) and Staples (SPLS
) sharply lower. Valuations tumbled as PCs and high-tech consumer electronics also became less viable revenue sources for the office-product giants.
Then recession came. Shrinking demand for Post-It Notes and Hi-Liters reflected the gloomy economic mood. All of these things put an end to stratospheric new-store expansions.
Now office-supply retailers are scrambling to figure out where their future growth might come from. The sector's No. 1 player, Office Depot, thinks it has an answer: It's focusing on getting its fastest growth overseas. That's a solid strategy, some analysts say.
"WHAT'S NEXT?" Still, Office Depot and its rivals have their work cut out for them. Generally speaking, superstore specialty retailers "in home improvement, consumer electronics, housewares, and office supplies are all heading into a new era of lower growth amid market saturation. They have to say: 'What's next?'" says Colin McGranahan, analyst at Bernstein Research.
The good news is that the office-product retailers, including distant third OfficeMax (OMX
), are getting their operations leaner through cost-cutting even as they build their business-services side. Then with help from an anticipated economic recovery later in 2002, these companies should see a rebound in earnings compared to last year. That should help lift their stocks, which have already gained ground this year on improved earnings guidance from the major players.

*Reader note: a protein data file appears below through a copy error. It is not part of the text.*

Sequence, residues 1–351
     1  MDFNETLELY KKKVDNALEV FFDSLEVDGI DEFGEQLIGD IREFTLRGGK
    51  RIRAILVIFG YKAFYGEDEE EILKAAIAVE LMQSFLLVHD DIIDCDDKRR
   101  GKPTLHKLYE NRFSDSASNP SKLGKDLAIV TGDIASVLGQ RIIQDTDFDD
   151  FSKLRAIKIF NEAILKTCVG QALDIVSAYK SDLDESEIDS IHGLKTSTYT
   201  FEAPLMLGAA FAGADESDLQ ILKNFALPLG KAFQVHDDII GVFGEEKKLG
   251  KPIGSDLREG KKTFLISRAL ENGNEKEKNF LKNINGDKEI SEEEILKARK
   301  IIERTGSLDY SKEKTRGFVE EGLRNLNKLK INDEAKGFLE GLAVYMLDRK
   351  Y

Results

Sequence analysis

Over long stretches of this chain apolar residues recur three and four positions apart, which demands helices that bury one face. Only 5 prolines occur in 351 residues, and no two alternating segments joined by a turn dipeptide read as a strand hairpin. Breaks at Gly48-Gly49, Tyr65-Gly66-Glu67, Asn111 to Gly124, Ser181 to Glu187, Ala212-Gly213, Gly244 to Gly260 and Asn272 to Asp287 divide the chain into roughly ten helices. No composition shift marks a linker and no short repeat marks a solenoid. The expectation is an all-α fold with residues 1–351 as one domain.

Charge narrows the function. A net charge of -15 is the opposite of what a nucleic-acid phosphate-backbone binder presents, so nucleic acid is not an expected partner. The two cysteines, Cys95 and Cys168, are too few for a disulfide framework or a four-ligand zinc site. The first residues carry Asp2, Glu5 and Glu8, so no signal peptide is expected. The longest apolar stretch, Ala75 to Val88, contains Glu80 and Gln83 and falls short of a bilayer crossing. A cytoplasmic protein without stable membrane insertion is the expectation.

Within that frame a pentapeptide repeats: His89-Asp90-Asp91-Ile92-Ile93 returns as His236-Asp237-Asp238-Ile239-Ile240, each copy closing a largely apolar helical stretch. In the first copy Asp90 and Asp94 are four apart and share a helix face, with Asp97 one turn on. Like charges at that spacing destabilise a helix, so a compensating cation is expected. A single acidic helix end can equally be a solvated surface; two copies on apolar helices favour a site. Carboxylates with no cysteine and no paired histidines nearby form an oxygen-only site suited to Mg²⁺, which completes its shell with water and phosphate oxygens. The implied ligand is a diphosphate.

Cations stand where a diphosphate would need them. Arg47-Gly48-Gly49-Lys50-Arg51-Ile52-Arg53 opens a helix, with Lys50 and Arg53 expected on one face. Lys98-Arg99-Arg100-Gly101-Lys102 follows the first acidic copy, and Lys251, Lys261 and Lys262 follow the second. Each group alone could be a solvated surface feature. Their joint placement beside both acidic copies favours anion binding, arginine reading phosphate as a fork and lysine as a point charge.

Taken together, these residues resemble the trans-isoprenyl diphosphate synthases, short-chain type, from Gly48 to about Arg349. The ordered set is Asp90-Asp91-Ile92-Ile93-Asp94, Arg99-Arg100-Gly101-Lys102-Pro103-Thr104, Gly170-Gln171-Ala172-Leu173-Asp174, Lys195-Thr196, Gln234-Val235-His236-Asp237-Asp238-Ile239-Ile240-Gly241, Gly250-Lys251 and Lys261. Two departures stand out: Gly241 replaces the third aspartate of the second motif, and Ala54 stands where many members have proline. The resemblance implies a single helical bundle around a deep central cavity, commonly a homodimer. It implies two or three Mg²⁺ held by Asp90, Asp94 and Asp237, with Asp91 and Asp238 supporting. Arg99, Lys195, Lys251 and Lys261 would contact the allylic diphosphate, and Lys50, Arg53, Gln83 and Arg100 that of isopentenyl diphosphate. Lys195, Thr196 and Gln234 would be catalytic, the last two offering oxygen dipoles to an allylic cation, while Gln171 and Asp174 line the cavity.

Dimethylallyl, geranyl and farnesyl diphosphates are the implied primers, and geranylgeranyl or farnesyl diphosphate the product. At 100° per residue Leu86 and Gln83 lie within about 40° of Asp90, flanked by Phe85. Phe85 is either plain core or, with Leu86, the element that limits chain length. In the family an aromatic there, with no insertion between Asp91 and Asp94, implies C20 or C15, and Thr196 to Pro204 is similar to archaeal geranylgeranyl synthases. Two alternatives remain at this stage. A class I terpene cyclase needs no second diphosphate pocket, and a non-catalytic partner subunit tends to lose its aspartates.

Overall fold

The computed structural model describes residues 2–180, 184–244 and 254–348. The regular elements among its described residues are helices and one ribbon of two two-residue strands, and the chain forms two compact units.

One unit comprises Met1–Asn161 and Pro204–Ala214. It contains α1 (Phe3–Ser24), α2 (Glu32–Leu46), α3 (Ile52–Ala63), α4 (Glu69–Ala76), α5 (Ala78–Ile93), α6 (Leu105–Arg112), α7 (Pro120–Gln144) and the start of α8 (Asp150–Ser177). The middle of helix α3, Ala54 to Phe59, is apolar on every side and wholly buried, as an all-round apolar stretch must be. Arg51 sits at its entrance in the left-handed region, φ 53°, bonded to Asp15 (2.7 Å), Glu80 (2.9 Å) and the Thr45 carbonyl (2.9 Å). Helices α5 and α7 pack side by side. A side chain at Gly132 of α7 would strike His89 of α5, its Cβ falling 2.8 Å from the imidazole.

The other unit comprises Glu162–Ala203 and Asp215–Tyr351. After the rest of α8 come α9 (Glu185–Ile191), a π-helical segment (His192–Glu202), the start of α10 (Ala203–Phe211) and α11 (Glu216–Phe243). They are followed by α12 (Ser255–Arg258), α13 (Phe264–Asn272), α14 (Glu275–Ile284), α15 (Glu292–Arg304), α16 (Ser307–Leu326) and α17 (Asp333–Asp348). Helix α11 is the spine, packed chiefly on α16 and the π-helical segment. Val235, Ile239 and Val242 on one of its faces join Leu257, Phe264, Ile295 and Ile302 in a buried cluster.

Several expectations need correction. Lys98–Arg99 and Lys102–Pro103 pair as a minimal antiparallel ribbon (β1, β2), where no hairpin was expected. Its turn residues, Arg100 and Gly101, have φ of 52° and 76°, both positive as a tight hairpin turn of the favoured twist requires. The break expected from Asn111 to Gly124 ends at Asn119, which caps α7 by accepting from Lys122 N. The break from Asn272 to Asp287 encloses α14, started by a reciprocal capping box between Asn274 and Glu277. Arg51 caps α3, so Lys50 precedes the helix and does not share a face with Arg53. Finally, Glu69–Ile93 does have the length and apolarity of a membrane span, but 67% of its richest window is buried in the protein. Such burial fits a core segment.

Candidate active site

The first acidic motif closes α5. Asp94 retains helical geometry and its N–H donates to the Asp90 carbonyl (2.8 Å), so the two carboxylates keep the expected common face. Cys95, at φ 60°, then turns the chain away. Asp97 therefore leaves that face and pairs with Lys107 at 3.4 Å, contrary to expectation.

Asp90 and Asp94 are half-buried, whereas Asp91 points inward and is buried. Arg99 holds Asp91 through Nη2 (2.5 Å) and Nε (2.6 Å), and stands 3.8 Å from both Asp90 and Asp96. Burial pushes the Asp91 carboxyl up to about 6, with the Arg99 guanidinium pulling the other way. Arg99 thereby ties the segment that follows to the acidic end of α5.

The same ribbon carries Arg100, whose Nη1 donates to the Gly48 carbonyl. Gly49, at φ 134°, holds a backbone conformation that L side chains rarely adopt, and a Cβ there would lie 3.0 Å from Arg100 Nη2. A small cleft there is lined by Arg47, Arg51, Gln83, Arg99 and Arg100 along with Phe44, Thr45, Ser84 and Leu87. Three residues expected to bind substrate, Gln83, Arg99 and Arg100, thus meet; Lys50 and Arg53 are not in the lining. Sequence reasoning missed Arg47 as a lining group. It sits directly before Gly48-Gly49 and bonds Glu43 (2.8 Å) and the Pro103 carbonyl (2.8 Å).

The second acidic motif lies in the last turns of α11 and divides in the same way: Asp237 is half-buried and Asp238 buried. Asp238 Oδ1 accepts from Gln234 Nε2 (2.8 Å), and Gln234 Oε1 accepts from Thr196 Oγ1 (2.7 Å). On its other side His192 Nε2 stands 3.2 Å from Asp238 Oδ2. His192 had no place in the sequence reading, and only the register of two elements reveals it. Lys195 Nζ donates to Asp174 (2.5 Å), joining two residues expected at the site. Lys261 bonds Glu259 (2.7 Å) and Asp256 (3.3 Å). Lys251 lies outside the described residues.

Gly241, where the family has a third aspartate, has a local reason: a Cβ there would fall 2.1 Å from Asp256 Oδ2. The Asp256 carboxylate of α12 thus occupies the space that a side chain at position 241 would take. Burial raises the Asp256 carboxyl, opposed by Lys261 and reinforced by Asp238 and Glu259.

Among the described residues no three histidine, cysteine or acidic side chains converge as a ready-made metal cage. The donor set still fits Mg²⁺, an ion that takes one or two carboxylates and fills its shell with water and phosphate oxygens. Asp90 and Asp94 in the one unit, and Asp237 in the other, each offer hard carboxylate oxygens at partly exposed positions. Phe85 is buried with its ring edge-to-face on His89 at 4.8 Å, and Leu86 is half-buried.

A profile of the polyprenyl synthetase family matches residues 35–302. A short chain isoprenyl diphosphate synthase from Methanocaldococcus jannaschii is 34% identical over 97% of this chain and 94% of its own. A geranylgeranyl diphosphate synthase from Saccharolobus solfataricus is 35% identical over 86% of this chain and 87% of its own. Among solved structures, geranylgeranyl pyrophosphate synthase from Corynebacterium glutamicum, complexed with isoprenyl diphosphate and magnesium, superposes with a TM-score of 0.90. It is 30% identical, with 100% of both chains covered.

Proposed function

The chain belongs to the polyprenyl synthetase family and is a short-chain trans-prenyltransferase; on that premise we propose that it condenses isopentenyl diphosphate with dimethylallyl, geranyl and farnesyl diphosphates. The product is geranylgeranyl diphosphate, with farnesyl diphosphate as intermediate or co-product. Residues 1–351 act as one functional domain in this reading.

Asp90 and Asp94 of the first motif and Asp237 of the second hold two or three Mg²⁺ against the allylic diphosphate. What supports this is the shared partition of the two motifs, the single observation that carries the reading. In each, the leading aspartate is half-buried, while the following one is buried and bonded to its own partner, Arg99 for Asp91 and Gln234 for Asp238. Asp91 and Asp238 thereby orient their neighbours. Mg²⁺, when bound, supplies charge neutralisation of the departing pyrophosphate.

Staples and Office Depot are both trading around $18 a share. And both stocks are higher year-to-date, although Office Depot shares have been stronger after the company reported respectable 2001 results in February. But each office superstore has its own strategy for beating the odds. "Office Depot and Staples have different strengths," says Dan Binder, analyst with Buckingham Research Group.
SPOTTY RECORDS. With some 1,100 stores in the U.S. alone, Binder says Staples will keep focusing on its retail presence in the U.S., in contrast to Office Depot's push for international markets. Delray Beach (Fla.)-based Office Depot, which has 859 stores in the U.S. and Canada, is the bigger company by a tiny margin. It had $11.2 billion in sales in fiscal 2001, while Staples is expected to post just under $11 billion.
Although U.S. retailers in general have at best a spotty record abroad, Office Depot seems to have figured out a smart approach that helps it offset the lackluster growth at home. Its operations overseas are based primarily on catalog and Internet sales, which have helped keep costs lower.
For fiscal 2001, this segment contributed 27% of Office Depot's total operating profits. International is the smallest of the company's three main business groups, which include North American retail and business services, but should be its fastest-growing division going forward. Bruce Nelson, Office Depot's chief executive, says the international division, which accounts for 14% of the company's total sales, should become a much bigger part of the business.
BIGGER ABROAD? The international strategy started to take shape in 1998, when Office Depot merged with Torrance (Calif.)-based office-products catalog company Viking Office Products in a more than $2 billion deal. The most attractive part of Viking, which then had sales of around $1.3 billion, was its international presence. At the time of the purchase, Viking had operations in the U.S., Europe, and Australia, and had been a player in Europe since 1990.